The plot may be overheated macho garbage, but there’s an 11-minute centerpiece sequence in this Chris Hemsworth vehicle involving a higher body count than most entire franchises that action fans simply need to see to believe. And then see it again.
Free Fire can be described very simply. It’s a gunfight movie. The setup is a black market arms deal that goes almost immediately awry, and no one has any choice but to try and kill their way out of the warehouse they’re stuck in. Co-written and directed by Ben Wheately, this British black comedy has a great ensemble cast that includes Armie Hammer, Brie Larson, Cillian Murphy, Sharlto Copely, and more. And remember, everyone was together so they could buy and sell weapons, which means no one is really running out of ways to kill people.
This Vietnamese movie focuses on a gangster turned debt collector named Hai Phuong who has to embark on a quest for vengeance when her young daughter is kidnapped. But these crooks messed with the wrong mom! Hai Phuong still earns her living beating the hell out of people for money in their village, and she goes to Ho Chi Minh City to either kill everyone who stands in between her and her child, or to die trying.
Netflix members of a certain age will remember that James Bond was in a bit of a dire place in the late ‘80s and early ‘90s. The Roger Moore era went out with a whimper and Timothy Dalton didn’t really work for movie goers. So this first Pierce Brosnan vehicle was a comeback for 007, and what a fun, glorious, underrated comeback it was. This is not only one of the best Bond movies, it’s one of the best action movies of the ‘90s.
It appears the version of Wong Kar-wai’s brilliant action epic that’s on Netflix is the one that was heavily edited in the final days of Harvey Weinstein’s waning power, but it’s still good enough to make this list. The action choreography alone is breathtaking, and maybe watching this cut will encourage you to seek out the 123-minute Berlin cut (this one is 108) or the even longer one known as the “Chinese Cut,” which runs 130 minutes.
Have you ever wanted to see a movie that replicated the feel of playing a first-person shooter video game? Then Hardcore Henry is the one for you. The plot doesn’t really matter — there’s something about experiments and lost memories and whatever — as this is all an exercise in style. Writer/director Ilya Naishuller straps viewers into the perspective of his increasingly powerful hero and then unleashes him on enemies who want to stop him. At its peak, it’s got some adrenaline-pumping lunacy that’s admirable.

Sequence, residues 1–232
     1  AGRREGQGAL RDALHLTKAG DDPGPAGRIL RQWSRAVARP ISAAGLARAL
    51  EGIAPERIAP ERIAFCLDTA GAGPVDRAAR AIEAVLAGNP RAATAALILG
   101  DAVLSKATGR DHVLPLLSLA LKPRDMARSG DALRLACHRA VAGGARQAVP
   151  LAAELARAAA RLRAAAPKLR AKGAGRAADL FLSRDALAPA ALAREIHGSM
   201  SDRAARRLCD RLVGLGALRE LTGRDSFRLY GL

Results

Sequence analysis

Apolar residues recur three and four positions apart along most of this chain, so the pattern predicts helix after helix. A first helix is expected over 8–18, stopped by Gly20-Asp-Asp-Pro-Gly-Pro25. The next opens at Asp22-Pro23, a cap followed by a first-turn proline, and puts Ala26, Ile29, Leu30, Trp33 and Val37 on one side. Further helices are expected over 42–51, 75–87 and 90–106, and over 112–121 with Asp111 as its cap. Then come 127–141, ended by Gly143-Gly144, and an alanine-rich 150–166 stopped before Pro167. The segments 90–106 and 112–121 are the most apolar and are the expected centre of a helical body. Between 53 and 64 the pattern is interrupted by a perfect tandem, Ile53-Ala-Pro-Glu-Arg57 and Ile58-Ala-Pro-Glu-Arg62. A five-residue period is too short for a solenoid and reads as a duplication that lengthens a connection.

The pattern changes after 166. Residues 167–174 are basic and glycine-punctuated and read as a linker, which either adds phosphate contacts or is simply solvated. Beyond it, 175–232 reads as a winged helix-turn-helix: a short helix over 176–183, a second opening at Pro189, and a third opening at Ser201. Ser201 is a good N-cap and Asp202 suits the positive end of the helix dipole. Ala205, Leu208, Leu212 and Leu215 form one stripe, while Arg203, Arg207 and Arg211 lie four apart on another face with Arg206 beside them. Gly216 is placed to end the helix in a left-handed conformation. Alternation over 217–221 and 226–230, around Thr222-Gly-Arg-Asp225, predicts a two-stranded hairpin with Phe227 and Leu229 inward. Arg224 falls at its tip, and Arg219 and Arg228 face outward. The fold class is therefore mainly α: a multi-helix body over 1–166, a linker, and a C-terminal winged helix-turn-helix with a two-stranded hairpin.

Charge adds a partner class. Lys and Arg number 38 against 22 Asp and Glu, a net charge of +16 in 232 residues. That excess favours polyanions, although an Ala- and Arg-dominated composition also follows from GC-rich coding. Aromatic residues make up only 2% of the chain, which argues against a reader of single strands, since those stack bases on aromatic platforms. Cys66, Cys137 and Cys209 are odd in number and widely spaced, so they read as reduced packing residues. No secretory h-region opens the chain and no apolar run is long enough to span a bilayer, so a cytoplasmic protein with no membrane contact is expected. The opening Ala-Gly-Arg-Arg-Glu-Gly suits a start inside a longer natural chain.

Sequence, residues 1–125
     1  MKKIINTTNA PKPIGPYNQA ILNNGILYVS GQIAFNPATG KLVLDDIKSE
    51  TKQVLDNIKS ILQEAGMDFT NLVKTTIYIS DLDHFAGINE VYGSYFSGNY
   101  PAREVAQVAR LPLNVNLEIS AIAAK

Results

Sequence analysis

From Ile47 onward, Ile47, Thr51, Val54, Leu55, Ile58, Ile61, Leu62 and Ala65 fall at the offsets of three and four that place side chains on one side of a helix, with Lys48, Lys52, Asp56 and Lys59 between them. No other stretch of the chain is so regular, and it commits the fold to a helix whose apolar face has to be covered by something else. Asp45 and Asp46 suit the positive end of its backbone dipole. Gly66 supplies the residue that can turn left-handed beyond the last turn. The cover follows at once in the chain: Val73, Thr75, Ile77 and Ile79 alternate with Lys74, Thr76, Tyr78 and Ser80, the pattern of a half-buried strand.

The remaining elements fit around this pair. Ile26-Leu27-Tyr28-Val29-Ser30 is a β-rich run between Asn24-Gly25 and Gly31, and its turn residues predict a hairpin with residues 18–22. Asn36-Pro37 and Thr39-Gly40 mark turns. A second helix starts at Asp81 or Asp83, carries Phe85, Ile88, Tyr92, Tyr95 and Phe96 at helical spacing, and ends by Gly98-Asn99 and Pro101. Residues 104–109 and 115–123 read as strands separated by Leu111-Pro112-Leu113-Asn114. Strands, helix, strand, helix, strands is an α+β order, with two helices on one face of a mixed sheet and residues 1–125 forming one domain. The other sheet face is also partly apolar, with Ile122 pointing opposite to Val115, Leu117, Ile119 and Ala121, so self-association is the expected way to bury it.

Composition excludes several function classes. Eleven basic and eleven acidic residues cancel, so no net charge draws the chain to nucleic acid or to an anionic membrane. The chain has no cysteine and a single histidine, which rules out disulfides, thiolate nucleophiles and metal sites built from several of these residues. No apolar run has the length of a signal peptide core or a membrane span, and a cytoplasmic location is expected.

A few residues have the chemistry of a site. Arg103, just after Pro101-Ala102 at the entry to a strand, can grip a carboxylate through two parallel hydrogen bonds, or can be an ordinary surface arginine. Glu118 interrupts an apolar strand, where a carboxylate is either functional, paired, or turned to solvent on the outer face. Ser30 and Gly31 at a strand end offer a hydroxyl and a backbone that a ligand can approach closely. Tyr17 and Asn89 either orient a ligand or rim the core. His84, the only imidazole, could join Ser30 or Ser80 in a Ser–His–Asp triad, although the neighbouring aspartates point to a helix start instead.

Steven Soderbergh directs this razor-sharp, tight action thriller starring Gina Carano as a black ops agent who is sold out by everyone around her…and so she kicks some ass. Carano may not be Oscar-worthy, but she did most of her own stunts and really sells the physical presence of the role in ways that other actresses would have totally missed. And the supporting cast here is phenomenal, including Michael Fassbender, Ewan McGregor, Bill Paxton, Channing Tatum, Antonio Banderas, and Michael Douglas.
There’s a general rule about action movies that’s easy to follow. If something stars actor/stuntman/fight choreographer Iko Uwais, you should probably watch it. Co-directed by Kimo Stamboel and Timo Tjahjanto, Headshot is every bit as good as the more widely famous Indonesian fight films, The Raid: Redemption and The Raid 2, which are actually directed by Gareth Evans, a Welshman. Uwais stars in each of those movies, and in Headshot he plays a man suffering from amnesia whose past comes violently chasing after him. The doctor who saved him becomes a target by association, leaving Uwais’s character no choice but to take down an entire criminal syndicate to protect them both.
Hurricane Heist is not some codename. It is a literal description of what happens in this movie about a group of criminals trying to rob a branch of the U.S. Treasury during a category five hurricane. Is that the perfect premise for a crime movie? Yes it is. Maggie Grace plays a Federal agent trying to stop them, and Toby Kebbell is a meteorologist who teams up with her to help. Cinema!
If you’ve fallen in love with Spike Lee’s Da 5 Bloods, take the time to check out when the master director put his spin on the heist film with this great 2006 Denzel Washington vehicle. The regular collaborator plays an NYPD hostage negotiator, called in when a bank heist goes down on Wall Street. Tight and effective, this is just further evidence that Spike Lee can nail any kind of movie he chooses to make.
Ip Man Trilogy
Donnie Yen is a sacred name in the martial arts branch of cinema appreciation, and you can see why with three Ip Man films now available on Netflix. They tell the semi-true story of Ip Man, a legendary leader in the world of martial arts, who trained Bruce Lee. These are not traditional biopics or martial arts movies, working as a hybrid of period piece and action. 2018’s Master Z: Ip Man Legacy isn’t there yet, but hopefully soon.
There’s a lot of Steven Spielberg on Netflix, but this is one of the best choices you could make from the filmography of one of the best American filmmakers. Maybe you’ve heard of it? All four Indy films are actually still on Netflix. Do a marathon while you still can. Yes, you can skip the last one if you want.
Is this Wachowski sci-fi action film traditionally “good”? Not really. Do you need to see it? Yes, you really really do. As out there as any major blockbuster of the ‘10s, Jupiter Ascending is the kind of absolutely bonkers sci-fi flick that doesn’t make it to theaters that often. From Channing Tatum’s dog ears to Eddie Redmayne’s entirely insane performance, this is a slice of movie history unlike any other. Just don’t say we didn’t warn you.